Mealy Amazon Parrot

My First Consultation:
A Mistreated Wild-Caught Mealy Amazon
by Sally Blanchard

As I recall, the first actual consultation I did was with a wild-caught Mealy Amazon. I was at a bird show where there were quite a few wild-caught parrots for sale. The seller said the Mealy wasn’t tame. I was looking at a big, beautiful Mealy Amazon and talking to a woman who was interested in purchasing him. I had only seen one Mealy before but had never handled an Amazon this large before. I told her I had handled several wild-caught double yellow-heads and we made a bargain that I would help her with the Mealy if she bought him. I told if I could work with the bird and get him to step on my hand to have his head petted; I would charge her $25.00. If I couldn’t make a difference, I wouldn’t charge her anything. She paid for the Amazon and I was appalled when the seller put on a heavy glove, virtually pulled the bird out of the small cage by his leg, and threw him in a cardboard carrier. Of course, the bird screamed really loud. 

 

She bought the bird and we took him upstairs to her hotel room. I really didn’t have a plan. I got a large towel and placed if flat on the bed. Then we let the Amazon step out of the box on the bed and he stepped right on to the towel. I had slowed down my energy and didn’t stare at him. I moved very slowly and brought the towel up and around him from the front. From then on, it was easy. Once he was in the towel, he relaxed. I don’t think that parrots are naturally afraid of towels or being toweled. I think that they are far more afraid of the way they are toweled. Far too many people still swoop down from behind like a Harpy Eagle looking for lunch. I took the toweled Mealy and brought him up against my chest as I hummed to him gently. I slowly placed him on my fingers while he was still in the towel and with my other hand; I started to “skritch” the back of his head. At first, he seemed upset so I stopped for a while. Keeping myself calm, when I started again, he seemed to enjoy the attention.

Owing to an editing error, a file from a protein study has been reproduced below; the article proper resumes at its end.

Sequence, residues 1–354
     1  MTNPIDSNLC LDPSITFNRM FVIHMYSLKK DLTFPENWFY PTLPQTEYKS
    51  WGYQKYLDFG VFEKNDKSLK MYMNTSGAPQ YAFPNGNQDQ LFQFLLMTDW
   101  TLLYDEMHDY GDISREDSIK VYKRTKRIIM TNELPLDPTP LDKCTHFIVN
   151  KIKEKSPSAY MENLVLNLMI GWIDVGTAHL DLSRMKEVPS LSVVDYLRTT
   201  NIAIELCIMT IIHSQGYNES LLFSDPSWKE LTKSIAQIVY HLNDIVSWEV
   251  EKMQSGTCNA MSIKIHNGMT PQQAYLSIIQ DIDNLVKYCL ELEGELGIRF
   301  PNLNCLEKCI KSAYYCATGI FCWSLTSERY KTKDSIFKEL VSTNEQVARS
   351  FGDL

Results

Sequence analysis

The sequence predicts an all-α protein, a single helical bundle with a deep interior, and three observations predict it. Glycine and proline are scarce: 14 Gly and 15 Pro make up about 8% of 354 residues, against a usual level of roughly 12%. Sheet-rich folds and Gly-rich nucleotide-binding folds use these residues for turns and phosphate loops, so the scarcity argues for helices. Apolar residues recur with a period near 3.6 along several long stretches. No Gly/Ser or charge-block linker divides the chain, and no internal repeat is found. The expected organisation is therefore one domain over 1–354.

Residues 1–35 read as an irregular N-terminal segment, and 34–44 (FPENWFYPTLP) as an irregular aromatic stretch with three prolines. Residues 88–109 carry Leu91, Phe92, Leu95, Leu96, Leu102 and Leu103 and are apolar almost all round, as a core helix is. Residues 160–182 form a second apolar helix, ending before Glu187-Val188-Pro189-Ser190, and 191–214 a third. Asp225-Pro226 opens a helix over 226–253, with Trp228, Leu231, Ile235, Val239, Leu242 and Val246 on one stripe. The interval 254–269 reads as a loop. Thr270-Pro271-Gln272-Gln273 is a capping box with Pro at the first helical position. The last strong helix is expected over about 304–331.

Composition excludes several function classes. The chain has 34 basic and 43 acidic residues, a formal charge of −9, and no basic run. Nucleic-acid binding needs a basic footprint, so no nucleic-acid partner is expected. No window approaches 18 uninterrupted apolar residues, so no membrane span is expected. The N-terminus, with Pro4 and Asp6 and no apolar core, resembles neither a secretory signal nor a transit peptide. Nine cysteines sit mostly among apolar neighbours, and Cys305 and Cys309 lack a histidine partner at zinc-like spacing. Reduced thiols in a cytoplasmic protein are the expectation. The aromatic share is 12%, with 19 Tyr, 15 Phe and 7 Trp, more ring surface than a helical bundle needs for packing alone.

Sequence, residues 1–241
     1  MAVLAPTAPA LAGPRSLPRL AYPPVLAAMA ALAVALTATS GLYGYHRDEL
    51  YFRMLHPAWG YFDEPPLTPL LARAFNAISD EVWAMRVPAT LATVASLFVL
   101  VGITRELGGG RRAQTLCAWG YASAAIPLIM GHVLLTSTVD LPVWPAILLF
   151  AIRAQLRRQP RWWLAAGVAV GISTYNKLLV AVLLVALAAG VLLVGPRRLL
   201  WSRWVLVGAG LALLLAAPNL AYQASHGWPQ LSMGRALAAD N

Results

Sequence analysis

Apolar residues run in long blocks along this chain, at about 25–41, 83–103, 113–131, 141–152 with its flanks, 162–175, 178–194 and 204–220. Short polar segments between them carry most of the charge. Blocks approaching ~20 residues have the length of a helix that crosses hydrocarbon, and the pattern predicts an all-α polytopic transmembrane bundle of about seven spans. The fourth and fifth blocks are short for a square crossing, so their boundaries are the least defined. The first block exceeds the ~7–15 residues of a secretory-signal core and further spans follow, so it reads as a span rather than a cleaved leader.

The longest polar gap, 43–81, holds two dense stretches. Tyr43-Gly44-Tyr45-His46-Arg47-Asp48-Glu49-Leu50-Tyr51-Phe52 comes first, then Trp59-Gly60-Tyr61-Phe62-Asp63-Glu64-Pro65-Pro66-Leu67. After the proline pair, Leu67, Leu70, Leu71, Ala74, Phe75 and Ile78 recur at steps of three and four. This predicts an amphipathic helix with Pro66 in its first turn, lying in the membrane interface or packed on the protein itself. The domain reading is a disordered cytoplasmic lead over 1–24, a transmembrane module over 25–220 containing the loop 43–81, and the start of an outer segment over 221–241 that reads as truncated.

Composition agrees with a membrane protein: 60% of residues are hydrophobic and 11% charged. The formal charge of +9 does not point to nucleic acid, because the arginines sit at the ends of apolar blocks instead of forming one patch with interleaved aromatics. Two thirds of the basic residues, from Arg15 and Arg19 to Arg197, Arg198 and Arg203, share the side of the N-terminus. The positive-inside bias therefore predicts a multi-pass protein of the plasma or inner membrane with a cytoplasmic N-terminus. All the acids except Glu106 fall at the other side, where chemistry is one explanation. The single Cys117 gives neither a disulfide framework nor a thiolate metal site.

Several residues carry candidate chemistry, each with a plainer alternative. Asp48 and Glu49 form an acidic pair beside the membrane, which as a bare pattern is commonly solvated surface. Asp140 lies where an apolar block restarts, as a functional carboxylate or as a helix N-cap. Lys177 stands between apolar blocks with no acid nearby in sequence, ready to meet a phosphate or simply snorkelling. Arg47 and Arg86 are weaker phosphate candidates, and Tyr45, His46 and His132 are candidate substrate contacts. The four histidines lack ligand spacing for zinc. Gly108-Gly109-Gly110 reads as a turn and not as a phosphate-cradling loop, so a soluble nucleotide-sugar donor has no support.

My logic was that most parrots are social animals and appreciate and accept a good head “skritch” especially from a calm person who is not threatening them. After a minute or so I removed the towel. At that point, he realized he was sitting on my hand. At first, he seemed concerned but stayed on my hand. While I was pleased with my progress, I realized that although the bird was not yet tame, his gentle personality and my trust-building manner let him relax and trust me. I wasn’t afraid of him because I had heard that Mealy Amazons usually had a reputation for being gentle birds. Maybe it wasn't always true but it helped my confidence to think it was. The fact that I didn’t project any fear or aggression made a huge difference. I had the woman watch me very carefully and I was fortunate that she was able to slow herself down and do pretty much what I had done and had the Mealy on her hand. I got my $25.00.


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